Just in time for St. Patrick’s day, we’ve come across a fantastic colony of snake polyps that totally knocked our socks off. These wildly colored orange and green Isaurus snake polyps are unlike anything we’ve ever seen before, despite being a longtime admirer of these wonderfully different species of zoanthids.
There’s a ton of crazy colored corals these days with unbelievable fluorescence and patterns. The thing is, most of these corals are variations of more common corals, so to see something truly different you need to branch out of the coral taxonomic tree.
Diehard coral aficionados lookout for the truly bizarre corals like Indophyllia, Anacropora, Echinomorpha, Dampia, Cantharellus and many others. A good colony of Isaurus snake polyps can positively fit that description with a few species to choose from, and both the smooth I. elongatus and warty I. tuberculatus being occasionally seen in the aquarium hobby.
Even in the prime of health a good colony of snake polyps will only grab the attention of attentive coral collectors. We’ve seen them an attractive shade of green, sometimes with white whitish bumps but the Saint Patrick’s Snake Polyps are on a completely different level.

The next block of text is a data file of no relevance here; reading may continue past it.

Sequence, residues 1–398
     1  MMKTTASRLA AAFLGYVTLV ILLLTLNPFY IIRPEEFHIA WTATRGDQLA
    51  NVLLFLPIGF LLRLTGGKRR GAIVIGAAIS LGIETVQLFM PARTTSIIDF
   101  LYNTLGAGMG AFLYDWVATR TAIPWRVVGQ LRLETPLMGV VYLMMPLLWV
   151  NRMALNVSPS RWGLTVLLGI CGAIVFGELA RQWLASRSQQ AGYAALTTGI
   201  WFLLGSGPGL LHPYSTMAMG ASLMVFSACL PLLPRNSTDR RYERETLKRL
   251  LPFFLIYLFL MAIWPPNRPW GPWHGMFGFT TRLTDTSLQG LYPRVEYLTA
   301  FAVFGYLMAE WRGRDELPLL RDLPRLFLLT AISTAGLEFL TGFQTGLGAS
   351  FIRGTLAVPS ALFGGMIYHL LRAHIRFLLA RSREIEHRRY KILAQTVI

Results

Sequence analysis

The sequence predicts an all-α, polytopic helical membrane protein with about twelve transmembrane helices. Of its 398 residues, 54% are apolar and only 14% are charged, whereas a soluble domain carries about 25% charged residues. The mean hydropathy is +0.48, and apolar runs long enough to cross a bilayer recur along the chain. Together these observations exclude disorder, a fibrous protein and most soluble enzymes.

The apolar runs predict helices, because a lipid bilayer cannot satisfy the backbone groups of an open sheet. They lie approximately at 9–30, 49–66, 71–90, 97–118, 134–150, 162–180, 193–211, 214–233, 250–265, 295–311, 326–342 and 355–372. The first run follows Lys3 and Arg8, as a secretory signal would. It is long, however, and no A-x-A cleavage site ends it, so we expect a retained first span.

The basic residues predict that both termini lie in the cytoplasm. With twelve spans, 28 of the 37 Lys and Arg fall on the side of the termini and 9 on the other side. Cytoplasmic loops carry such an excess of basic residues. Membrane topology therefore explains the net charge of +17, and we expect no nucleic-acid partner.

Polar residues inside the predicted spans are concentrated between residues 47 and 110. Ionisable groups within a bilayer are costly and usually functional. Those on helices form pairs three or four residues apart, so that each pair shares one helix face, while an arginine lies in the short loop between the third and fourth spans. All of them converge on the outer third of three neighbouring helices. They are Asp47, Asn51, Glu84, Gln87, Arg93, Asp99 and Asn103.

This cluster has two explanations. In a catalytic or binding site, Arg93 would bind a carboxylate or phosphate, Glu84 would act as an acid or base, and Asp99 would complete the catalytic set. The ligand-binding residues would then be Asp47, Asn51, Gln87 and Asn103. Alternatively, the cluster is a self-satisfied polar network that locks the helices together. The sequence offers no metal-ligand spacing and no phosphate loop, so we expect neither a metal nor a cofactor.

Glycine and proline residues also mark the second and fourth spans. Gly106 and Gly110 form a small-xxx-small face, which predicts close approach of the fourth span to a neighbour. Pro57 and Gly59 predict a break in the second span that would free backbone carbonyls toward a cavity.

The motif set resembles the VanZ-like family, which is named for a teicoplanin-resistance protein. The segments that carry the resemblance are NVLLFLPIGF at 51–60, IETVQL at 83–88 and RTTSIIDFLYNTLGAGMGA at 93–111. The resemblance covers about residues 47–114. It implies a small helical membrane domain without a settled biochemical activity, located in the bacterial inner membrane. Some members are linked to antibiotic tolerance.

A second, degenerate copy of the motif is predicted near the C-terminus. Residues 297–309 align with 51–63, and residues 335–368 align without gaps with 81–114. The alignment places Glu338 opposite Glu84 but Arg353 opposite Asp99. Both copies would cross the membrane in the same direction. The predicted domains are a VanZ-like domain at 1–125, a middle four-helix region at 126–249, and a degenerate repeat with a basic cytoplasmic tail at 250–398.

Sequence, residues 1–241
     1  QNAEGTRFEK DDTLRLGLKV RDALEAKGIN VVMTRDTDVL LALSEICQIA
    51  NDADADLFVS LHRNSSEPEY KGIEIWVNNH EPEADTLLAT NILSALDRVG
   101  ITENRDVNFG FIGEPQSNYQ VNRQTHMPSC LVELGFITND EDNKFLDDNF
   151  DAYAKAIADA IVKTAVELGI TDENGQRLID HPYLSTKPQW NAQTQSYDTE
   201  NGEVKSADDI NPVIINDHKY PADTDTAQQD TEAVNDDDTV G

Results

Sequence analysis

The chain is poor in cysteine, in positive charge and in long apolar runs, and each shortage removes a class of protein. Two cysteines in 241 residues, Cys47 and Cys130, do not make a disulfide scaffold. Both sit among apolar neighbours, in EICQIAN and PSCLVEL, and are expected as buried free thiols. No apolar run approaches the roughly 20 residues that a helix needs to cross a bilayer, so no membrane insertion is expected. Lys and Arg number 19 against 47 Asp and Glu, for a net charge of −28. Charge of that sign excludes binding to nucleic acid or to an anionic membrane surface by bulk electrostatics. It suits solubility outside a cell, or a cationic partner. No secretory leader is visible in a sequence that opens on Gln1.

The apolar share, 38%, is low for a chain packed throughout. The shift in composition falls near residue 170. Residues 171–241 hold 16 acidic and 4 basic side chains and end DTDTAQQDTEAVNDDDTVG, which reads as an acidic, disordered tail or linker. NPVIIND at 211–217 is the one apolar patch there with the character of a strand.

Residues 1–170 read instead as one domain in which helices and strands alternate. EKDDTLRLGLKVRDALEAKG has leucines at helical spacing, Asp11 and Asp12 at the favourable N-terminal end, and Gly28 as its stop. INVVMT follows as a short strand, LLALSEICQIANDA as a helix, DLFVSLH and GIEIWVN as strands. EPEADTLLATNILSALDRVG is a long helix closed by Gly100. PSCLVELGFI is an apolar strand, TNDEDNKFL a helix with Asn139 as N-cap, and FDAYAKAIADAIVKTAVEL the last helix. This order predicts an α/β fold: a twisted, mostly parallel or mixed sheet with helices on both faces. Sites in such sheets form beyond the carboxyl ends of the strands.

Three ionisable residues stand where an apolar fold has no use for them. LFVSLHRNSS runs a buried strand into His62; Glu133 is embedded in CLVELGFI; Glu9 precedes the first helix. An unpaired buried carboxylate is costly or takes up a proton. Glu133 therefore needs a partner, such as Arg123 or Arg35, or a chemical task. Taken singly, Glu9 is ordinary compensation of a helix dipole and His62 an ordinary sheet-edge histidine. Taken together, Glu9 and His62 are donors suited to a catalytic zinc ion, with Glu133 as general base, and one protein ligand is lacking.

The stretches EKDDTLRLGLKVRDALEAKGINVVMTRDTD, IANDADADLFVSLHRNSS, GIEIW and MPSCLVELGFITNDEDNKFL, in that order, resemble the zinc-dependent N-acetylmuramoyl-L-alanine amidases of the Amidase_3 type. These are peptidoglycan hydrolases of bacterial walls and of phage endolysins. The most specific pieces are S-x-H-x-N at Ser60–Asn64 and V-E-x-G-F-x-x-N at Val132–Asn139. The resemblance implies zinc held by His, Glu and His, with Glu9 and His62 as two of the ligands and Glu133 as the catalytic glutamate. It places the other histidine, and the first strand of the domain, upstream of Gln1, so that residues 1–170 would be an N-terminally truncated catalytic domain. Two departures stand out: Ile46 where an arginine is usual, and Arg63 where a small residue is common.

Interestingly, this is not a freshly collected colony as it has been growing and conditioning in the coral holding systems of Reefmaster Indonesia for several weeks. The color has only increased over the past few weeks and it was recognized by Sea Dwelling Creatures‘ eagle-eyed coral scouts as a truly worthy exotic coral strain.
We’ve always loved a nice healthy colony of snake polyps but we never imagined that such a colorful variety existed. Hopefully the Saint Patrick’s Snake Polyps look as good in person as they do in real life and we can’t wait to see these wild zoanthids for ourselves.